Anyone growing this apple?


#21

I’ll admit my farm is in flood plain heavy clay wetlandesque soils… everything I do pretty much gets built up on mounds just to get it out of the water. It always presents somewhat of a challenge.


#22

In that case, forget I suggested MM106


#23

PM Sent


#24

If 39th doesn’t have it, The Temporate Orchard Conservancy does:

Http://temporateorchardconservancy.org/


#25

I’ve not gotten into cider making. But, I do have Campfield as well as Redfield…so it has occurred to me.


#26

I have the "api étoilé ’


#27

I did manage to find some Scion from one of the vendors suggested thank you everyone! I’ll be sure to let everyone know how the grafts take. If they fail I’ll be sure to revisit this thread! Look forward to seeing everyone on other threads.


#28

I keep coming back to this thread to look at the pictures, I really just want to run my hands over that apple! I risk sounding like a weirdo for sure, but much less so here than anywhere else. :laughing::crazy_face:


#29

@pileta

Those apistar sternapi apples look crazy! So cool.


#30

They are beautiful!


#31

When you say you enjoying breeding apples, do you mean you are experimenting with growing trees from seed and finding out how they turn out?

Some of us are experimenting with growing seedling fruit trees. Some people are at the point of getting fruit from their new varieties, while others aren’t as far along (e.g., I just started my first seedlings this spring).


#32

Shame the sternapi is all looks but no taste from what I’m reading.


#33

Just market them as apple pumpkins and they’ll be a winner :slight_smile:


#34

In terms of apple breeding, I’m just starting to get the source materials for my program. But in terms of other fruits, I’m much further along with some that I consider my main projects. I’ve been doing some since I was 16 (I’m now 28) :smirk:. But I have some specific goals in mind for apples :green_apple:.


#35

Dustin,

From what you’ve said, you may want to stay quiet about your work.

However, if you are interested in talking about it a bit more, it would be interesting to hear what other types of plants you’re breeding and how you are obtaining source material for apples.


#36

Apples I don’t mind sharing considering I’ve just recently started. Most of my sourcing is from public swaps, private collections, and occasionally I’ll dip into the public domain of buying things. The other stuff as you’ve said are rather closely guarded. I’m well aware of plant breeding wars. Most likely won’t be sharing any of that… unless I’m either dying or patenting it :grimacing:.


#37

I will say though Che has recently been on my radar to consider starting. Seems China has the US slaughtered in that race, but who says we can’t catch up considering how long importation takes and don’t get me started on the red tape around it ugh :expressionless:.


#38

Recently have considered breeding my own “Apistar sternapi” considering it’s patented from a German company. However, the crab apple cross it started from with Api etoile is known and certainly piqued my curiosity. Working on tracking down said crab apple. You cross that crab apple to get the star shape and include something delicious in the genetics, you’d be rather rich after you survive the wallet beating it takes to patent something in the plant world. Also would take a lot of luck or I’m sure it would’ve already been done. Wouldn’t be shocked to hear that there’s seedlings in some experimental orchard already.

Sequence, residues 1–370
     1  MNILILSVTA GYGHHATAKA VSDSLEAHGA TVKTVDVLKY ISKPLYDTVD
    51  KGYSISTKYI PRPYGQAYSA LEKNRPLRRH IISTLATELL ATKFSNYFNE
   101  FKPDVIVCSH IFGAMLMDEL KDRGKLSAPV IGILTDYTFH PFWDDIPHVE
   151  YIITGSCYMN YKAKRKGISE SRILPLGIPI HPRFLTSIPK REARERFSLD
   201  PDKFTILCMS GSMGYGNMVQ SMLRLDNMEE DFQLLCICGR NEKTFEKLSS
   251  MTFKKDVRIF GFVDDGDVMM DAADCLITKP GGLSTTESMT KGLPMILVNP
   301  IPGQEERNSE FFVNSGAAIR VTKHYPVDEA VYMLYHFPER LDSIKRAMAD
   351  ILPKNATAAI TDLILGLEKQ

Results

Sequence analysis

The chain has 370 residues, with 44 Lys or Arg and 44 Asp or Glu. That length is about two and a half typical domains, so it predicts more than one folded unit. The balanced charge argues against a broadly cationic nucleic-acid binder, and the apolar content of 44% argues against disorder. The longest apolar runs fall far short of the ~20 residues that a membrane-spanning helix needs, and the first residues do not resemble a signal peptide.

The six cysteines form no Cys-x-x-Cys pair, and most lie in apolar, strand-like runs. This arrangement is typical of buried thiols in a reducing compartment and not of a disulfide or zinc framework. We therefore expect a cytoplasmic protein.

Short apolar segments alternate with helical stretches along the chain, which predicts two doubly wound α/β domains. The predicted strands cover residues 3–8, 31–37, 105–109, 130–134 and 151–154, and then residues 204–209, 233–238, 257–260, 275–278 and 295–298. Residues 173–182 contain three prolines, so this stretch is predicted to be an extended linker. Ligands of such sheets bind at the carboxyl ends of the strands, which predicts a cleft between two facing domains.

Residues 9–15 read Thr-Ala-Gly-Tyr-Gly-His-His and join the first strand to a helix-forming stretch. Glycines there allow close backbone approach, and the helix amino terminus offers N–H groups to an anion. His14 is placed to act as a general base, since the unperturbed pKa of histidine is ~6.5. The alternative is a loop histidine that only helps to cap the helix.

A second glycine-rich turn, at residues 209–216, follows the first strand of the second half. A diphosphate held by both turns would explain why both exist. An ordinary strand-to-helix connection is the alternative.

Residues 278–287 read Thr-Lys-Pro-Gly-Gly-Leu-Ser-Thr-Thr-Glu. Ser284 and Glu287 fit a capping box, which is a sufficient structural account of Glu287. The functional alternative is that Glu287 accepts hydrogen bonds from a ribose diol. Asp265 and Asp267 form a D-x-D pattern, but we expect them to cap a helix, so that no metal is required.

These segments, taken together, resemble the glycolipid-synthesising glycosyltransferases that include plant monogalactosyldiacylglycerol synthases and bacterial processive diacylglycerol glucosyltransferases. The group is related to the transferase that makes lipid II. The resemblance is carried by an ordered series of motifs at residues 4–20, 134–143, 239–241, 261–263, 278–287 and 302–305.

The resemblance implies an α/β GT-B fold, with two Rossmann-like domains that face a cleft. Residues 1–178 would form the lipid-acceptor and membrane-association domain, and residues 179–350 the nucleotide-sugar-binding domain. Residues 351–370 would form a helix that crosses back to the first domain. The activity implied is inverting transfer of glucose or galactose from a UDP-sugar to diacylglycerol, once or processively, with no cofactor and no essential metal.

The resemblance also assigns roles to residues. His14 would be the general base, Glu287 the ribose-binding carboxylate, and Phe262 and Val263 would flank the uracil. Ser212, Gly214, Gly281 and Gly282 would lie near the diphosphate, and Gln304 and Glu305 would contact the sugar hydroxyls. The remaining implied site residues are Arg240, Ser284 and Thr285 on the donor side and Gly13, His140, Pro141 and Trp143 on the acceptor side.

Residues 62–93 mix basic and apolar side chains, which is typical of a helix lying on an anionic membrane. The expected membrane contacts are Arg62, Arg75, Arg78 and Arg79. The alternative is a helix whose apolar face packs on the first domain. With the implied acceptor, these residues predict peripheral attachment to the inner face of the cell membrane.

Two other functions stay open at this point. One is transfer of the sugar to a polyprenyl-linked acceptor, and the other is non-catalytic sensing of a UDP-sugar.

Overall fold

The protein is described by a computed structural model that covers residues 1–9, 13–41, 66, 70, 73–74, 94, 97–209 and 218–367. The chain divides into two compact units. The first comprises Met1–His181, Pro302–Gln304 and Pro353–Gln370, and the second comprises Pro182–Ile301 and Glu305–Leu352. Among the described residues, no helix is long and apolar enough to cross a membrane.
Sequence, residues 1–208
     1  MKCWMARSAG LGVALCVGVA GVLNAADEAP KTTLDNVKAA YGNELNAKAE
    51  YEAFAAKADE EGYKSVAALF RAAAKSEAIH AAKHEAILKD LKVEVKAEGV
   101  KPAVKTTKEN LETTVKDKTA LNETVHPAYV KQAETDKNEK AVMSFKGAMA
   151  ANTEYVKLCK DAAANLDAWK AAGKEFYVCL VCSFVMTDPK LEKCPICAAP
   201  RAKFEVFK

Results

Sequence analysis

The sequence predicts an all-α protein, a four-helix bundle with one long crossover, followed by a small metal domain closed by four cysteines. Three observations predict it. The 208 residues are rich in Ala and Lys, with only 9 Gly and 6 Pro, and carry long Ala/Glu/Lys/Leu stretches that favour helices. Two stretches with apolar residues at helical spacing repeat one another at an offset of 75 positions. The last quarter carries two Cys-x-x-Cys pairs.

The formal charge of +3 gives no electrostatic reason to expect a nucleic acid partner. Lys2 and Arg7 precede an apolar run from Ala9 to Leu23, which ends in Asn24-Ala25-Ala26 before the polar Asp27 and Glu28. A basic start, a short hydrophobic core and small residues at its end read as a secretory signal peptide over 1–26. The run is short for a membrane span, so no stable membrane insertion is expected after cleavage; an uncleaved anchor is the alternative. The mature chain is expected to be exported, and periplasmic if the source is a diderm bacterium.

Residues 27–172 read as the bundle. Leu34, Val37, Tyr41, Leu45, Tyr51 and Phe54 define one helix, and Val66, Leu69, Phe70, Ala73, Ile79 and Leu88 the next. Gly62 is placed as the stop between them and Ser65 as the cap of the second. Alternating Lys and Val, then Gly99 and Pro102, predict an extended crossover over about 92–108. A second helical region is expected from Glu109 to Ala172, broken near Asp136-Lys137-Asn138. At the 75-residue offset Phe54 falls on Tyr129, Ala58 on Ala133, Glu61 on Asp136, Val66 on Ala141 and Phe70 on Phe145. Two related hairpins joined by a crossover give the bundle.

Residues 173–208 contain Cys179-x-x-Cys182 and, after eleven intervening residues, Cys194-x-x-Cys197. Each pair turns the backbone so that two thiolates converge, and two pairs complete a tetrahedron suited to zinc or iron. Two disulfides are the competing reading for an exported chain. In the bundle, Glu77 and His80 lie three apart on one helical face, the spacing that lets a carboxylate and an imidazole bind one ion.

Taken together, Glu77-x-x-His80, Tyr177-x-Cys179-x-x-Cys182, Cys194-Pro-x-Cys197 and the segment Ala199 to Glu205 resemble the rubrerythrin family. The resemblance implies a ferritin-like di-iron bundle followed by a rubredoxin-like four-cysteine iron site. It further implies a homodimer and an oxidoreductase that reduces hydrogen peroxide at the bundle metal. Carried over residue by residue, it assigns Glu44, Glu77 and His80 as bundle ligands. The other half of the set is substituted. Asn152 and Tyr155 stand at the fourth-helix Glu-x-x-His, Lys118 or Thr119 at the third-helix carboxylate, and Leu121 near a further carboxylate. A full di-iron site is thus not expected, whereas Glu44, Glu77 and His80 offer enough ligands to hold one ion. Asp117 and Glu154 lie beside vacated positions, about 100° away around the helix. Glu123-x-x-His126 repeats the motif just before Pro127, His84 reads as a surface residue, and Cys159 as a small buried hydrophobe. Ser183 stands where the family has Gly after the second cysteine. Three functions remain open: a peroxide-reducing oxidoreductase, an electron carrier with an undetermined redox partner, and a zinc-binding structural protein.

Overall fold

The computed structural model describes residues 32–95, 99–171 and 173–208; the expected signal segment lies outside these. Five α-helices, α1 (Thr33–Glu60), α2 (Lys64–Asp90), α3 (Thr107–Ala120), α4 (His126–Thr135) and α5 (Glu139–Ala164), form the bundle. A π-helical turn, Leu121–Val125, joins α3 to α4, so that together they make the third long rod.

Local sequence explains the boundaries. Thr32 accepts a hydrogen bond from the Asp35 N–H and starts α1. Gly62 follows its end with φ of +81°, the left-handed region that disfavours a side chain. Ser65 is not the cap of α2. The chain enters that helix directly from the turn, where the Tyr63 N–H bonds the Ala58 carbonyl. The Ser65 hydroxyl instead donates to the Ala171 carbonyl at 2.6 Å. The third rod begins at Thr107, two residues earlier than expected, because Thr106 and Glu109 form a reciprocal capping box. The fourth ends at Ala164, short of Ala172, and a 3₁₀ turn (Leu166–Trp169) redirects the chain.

#39

I’d love to figure out the mystery behind “Cotton candy” grapes :grapes: if anyone has seen those or heard any starting points there. Made my own raisins with them in my dehydrator, darn were they good!


#40

Dustin, while I certainly don’t want to rain on your parade, I’m not sure it’s quite as simple as that.

A lot of the newer commercially successful apples became successful in part due to large advertising budgets. Sure, it was necessary to have a good apple - but I’m not sure just having a good apple by itself was enough.

If you come up with something really good and patent it but have limited financial means beyond that, your best bet might be to license your new variety to nurseries for a royalty payment of two or three dollars per tree. If people like it and it does well, you might make the equivalent of a good salary for the next 20 years or so from the royalties.

Now, let me point out that my knowledge of this area is limited and could be completely wrong, so take this with a grain of salt.

You have obviously spent a significant amount of time learning about the apple market and know far more about it than I do.

I’m just cautioning you that succeeding in that market in a big way may take significant capital. However, if you find a good way to win substantial market share for a new apple at a much lower cost than it has typically required in the past, then you might end up doing very well. This might very well be possible thanks to social media, crowd funding, etc.

Something I can tell you is that in some very different areas (certain technologies and types of products, for example), there’s a lot of stuff that is better than what we have that never makes it to the market (e.g., there isn’t anyone with the right skills and the financial to champion it and make it into a commercial success) or ends up getting beaten in the marketplace by inferior products for one reason or another.

This isn’t meant to discourage you. Actually, from what little I’ve heard about what you’re doing, I think it’s great. It’s just that it’s good to understand what hurdles you may face so that if and when you run into them, you don’t get discouraged and give up. Knowing about likely hurdles also gives you the opportunity to try to “think out of the box” and see if you can find ways to go around the hurdles (thus avoiding them) instead of running straight into them.